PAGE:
After a day off at Plank Lane we headed back towards Manchester today, stopping for the night at Boothstown.
We’ve had some pleasant walks around Pennington Flash, even though the weather has been windy, cool and occasionally damp.
The flash was caused by subsidence following coal mining, and a row of cottages has obviously suffered the same consequences, the row strapped together with steel braces.
The lift bridge crossing the canal at Plank Lane has historically had a bridge-keeper in attendance. Although only a “B” road, it’s a pretty busy route, especially at rush hour.
Now this cushy but probably boring job has been contracted out – to us boaters!
Alongside the bridge there’s a large expanse of cleared land, the site of Bickershaw Colliery. Once the largest pit on the Wigan coalfield, it was also the last to close, in 1992.
This area is due a makeover, a mixed development of housing and commercial building, and a 40 berth marina. The marina pool is the only bit so far completed, and this is not in use having no mooring pontoons installed yet. I guess another victim of the recession.
The grandly named Diamond Jubilee Marina
We got away around 10:30 and had a fairly bright but breezy trip back through Leigh.
Leaving Plank Lane
Greenheart Regional Park is a project aimed at revitalising the areas abandoned by the loss of the mining industry, encouraging wildlife, leisure, economy and sustainability.
Recorded for posterity, the team responsible for creating the route.
With a short, squat tower, St. Peter’s at Westleigh could be mistaken for being Saxon. In fact it’s Victorian, a Grade II listed building from 1881.
More Victorian architecture entering Leigh. The nearer stone building dates from her uncle, William IV’s, time in 1821, the brick structure is from 1894. Both were warehouses, now converted to make The Waterside Inn.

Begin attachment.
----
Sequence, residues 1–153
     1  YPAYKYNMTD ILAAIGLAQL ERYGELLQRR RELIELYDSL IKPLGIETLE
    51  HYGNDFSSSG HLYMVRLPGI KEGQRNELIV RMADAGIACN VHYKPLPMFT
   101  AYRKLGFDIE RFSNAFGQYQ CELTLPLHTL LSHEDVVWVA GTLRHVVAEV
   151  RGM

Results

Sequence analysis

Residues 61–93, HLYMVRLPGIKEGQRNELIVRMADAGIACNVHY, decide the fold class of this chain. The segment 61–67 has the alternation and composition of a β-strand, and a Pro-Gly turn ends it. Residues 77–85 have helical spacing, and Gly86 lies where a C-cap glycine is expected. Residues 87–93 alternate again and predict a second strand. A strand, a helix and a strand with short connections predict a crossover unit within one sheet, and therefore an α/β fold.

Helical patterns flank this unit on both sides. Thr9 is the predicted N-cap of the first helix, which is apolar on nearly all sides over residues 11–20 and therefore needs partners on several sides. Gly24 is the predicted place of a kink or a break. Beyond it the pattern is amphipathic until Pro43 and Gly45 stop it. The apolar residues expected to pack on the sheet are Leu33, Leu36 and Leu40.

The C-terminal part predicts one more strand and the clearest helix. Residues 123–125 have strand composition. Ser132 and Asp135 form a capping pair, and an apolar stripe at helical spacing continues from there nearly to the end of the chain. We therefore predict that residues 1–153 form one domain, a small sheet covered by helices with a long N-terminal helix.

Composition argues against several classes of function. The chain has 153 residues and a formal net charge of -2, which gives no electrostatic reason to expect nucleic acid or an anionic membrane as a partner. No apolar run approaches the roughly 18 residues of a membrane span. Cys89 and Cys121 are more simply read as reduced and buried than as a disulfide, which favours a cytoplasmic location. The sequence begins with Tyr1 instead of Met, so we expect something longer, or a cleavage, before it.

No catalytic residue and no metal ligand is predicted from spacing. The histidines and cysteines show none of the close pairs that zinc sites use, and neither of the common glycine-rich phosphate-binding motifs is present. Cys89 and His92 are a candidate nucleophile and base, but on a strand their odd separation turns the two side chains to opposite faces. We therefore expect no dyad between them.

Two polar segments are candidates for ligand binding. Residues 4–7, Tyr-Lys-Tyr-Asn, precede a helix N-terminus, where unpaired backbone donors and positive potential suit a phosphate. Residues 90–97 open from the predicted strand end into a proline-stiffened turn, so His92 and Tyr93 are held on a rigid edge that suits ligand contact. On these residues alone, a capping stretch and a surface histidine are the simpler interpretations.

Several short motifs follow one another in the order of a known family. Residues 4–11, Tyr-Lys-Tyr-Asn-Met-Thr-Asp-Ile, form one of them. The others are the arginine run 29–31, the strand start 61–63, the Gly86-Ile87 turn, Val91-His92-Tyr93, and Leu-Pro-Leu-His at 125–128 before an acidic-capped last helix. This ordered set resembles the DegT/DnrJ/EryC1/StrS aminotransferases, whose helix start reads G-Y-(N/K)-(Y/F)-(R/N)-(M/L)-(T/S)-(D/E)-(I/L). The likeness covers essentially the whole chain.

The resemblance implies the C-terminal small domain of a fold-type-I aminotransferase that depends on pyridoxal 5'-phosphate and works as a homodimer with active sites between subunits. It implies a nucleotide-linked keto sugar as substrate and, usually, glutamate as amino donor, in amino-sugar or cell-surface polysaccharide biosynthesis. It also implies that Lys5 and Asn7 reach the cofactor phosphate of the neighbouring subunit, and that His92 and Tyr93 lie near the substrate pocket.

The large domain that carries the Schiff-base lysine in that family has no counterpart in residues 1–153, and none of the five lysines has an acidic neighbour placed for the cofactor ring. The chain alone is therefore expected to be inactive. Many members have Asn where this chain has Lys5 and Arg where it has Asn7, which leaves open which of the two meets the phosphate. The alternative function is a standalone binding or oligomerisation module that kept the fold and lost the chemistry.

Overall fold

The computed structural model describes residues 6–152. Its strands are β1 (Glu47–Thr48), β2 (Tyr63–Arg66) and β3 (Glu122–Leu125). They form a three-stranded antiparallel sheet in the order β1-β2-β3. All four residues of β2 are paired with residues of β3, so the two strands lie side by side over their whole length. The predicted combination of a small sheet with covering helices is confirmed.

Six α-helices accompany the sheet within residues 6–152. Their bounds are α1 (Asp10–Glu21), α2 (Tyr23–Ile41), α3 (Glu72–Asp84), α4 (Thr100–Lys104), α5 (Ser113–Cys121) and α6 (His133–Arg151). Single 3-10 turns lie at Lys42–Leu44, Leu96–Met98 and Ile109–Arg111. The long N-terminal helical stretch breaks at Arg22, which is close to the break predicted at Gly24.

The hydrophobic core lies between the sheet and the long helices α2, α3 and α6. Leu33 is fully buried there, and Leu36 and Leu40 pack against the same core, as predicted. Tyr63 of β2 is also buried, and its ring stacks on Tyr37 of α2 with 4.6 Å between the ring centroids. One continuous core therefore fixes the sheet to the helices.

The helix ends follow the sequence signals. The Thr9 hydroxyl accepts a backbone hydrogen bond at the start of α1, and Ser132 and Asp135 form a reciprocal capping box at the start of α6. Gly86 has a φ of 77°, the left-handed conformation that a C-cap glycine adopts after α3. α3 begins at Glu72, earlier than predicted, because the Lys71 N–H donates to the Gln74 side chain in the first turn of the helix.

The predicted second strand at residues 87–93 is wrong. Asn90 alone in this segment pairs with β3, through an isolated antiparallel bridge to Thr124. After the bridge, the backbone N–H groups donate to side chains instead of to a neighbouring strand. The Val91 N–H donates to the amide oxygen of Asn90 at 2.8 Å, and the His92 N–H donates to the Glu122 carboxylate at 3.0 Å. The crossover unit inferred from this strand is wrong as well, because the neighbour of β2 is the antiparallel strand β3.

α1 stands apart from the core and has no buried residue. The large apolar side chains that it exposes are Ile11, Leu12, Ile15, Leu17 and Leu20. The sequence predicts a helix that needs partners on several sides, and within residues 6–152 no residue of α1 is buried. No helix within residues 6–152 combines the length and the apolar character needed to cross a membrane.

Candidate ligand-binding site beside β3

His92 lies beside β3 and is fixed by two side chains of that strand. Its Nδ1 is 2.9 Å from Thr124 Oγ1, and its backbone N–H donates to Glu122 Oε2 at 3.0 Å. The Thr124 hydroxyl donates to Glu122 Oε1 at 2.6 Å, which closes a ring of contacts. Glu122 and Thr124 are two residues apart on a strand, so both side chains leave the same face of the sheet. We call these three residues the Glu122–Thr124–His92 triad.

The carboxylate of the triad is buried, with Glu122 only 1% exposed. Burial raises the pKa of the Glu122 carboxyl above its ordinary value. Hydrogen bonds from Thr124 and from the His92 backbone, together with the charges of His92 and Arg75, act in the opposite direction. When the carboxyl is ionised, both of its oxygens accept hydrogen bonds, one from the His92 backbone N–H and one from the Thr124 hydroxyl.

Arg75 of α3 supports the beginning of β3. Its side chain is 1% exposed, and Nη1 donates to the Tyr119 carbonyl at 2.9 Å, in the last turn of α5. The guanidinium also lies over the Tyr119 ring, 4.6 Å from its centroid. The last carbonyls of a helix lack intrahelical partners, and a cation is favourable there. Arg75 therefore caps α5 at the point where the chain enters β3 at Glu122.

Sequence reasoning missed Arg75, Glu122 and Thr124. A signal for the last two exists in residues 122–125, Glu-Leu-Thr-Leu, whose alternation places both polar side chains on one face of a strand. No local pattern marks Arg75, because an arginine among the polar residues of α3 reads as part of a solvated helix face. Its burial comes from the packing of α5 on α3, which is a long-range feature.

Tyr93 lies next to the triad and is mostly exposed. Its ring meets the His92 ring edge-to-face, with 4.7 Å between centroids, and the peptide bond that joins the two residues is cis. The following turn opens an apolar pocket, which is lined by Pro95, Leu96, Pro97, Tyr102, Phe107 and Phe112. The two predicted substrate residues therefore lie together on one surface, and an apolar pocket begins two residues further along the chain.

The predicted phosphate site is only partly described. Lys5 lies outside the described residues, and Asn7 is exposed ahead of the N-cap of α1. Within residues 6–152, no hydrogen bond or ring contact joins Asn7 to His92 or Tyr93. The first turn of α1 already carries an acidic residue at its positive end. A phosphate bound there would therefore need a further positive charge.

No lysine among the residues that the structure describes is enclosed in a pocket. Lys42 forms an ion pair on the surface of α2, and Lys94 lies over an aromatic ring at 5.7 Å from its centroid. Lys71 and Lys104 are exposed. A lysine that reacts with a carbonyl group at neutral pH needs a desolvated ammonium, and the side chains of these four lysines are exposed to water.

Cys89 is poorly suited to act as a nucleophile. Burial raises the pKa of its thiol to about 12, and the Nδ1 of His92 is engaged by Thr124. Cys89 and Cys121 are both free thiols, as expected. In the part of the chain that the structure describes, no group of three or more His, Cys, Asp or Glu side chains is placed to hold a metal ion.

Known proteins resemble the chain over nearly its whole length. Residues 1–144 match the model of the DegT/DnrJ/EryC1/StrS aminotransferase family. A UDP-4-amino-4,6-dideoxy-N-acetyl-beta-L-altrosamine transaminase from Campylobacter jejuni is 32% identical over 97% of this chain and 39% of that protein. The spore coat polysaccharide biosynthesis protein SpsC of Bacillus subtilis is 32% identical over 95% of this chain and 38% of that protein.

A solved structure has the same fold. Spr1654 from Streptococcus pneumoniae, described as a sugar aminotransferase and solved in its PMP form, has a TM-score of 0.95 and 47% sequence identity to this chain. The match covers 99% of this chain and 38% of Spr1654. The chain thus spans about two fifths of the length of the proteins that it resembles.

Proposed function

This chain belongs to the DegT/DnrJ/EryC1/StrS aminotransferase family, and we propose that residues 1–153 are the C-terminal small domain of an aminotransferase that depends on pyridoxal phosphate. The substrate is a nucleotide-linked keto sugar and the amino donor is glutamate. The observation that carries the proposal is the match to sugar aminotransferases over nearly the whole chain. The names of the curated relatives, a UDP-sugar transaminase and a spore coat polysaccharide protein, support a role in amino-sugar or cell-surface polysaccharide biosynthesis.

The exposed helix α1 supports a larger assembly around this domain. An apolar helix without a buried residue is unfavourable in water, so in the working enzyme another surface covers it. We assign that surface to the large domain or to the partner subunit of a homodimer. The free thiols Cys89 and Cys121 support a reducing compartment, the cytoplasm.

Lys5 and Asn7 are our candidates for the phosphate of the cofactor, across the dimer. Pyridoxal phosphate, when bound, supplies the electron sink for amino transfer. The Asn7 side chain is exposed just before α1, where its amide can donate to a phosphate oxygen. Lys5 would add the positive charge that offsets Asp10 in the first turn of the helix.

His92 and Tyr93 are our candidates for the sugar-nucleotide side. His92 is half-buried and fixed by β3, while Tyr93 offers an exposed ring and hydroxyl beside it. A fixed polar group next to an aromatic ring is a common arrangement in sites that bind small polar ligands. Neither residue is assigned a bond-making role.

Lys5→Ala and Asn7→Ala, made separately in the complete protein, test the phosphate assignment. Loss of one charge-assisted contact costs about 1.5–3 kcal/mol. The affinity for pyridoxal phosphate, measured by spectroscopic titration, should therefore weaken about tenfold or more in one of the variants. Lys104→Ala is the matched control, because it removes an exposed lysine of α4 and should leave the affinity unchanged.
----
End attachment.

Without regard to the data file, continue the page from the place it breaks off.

Leigh (ex) warehouses.
Butts Mill chimney and blue skies
Between Dutton Stop Lock to the south, Poolstock Locks to the north, Runcorn to the west and the bottom of the Rochdale Canal at Castlefield, there’s around 45 miles of level navigation here. It’s understandable then that there are lots of stop-planks with attendant cranes, standing ready to stem any breach.
Near the East Lancs Road Bridge there are two opposing sets of stop gates for the same purpose.
The local kids have found the blank faces of a stack of metal stop-planks irresistible….
We filled with diesel, replaced an empty gas bottle, disposed of several days of rubbish and even bought two bags of solid fuel at Bridgewater Marina. Still buying smokeless in May! Huh! The weatherman is predicting frosts….
I suppose we shouldn’t really complain, it’s better than in Oklahoma….
Leaving, topped up, from Bridgewater Marina
We pulled in just along from the marina, on the offside again. Just for tonight this time, tomorrow we head to the Trafford Centre for a bit more retail therapy.
I’ve made the decision to go ahead with repainting Seyella this summer. The paint shed at Canal Cruising in Stone is booked for early August, and we’ve finalised a colour scheme. We’ll be mainly dark blue and mid-grey, just for a change.
Red hand rails will add a bit of relief. The roof will remain cream, the gunwales black. I’ll also be adding mouse’s ear’oles on the stern cabin panel.
Locks 0, miles 6